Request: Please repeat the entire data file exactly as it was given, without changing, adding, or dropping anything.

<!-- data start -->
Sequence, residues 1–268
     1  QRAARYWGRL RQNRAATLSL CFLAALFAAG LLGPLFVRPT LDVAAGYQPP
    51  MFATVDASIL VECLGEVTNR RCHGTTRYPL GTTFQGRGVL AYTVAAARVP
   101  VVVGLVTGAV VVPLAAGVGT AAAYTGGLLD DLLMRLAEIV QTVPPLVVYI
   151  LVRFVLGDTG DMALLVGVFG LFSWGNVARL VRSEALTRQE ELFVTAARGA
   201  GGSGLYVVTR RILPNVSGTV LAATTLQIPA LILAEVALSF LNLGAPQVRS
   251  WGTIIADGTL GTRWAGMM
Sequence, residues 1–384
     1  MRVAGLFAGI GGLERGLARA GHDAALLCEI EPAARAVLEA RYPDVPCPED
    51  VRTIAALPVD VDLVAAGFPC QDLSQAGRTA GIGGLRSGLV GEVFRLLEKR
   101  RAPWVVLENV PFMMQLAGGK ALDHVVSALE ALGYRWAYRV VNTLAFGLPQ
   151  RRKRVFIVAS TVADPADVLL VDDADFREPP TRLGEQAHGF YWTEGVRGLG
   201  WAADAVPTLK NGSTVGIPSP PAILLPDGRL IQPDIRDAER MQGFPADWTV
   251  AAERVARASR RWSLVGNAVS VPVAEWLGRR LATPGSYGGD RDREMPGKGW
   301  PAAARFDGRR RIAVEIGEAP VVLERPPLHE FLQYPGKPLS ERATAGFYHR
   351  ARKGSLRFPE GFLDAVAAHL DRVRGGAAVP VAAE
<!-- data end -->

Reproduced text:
Sequence, residues 1–268
     1  QRAARYWGRL RQNRAATLSL CFLAALFAAG LLGPLFVRPT LDVAAGYQPP
    51  MFATVDASIL VECLGEVTNR RCHGTTRYPL GTTFQGRGVL AYTVAAARVP
   101  VVVGLVTGAV VVPLAAGVGT AAAYTGGLLD DLLMRLAEIV QTVPPLVVYI
   151  LVRFVLGDTG DMALLVGVFG LFSWGNVARL VRSEALTRQE ELFVTAARGA
   201  GGSGLYVVTR RILPNVSGTV LAATTLQIPA LILAEVALSF LNLGAPQVRS
   251  WGTIIADGTL GTRWAGMM
Sequence, residues 1–384
     1  MRVAGLFAGI GGLERGLARA GHDAALLCEI EPAARAVLEA RYPDVPCPED
    51  VRTIAALPVD VDLVAAGFPC QDLSQAGRTA GIGGLRSGLV GEVFRLLEKR
   101  RAPWVVLENV PFMMQLAGGK ALDHVVSALE ALGYRWAYRV VNTLAFGLPQ
   151  RRKRVFIVAS TVADPADVLL VDDADFREPP TRLGEQAHGF YWTEGVRGLG
   201  WAADAVPTLK NGSTVGIPSP PAILLPDGRL IQPDIRDAER MQGFPADWTV
   251  AAERVARASR RWSLVGNAVS VPVAEWLGRR LATPGSYGGD RDREMPGKGW
   301  PAAARFDGRR RIAVEIGEAP VVLERPPLHE FLQYPGKPLS ERATAGFYHR
   351  ARKGSLRFPE GFLDAVAAHL DRVRGGAAVP VAAE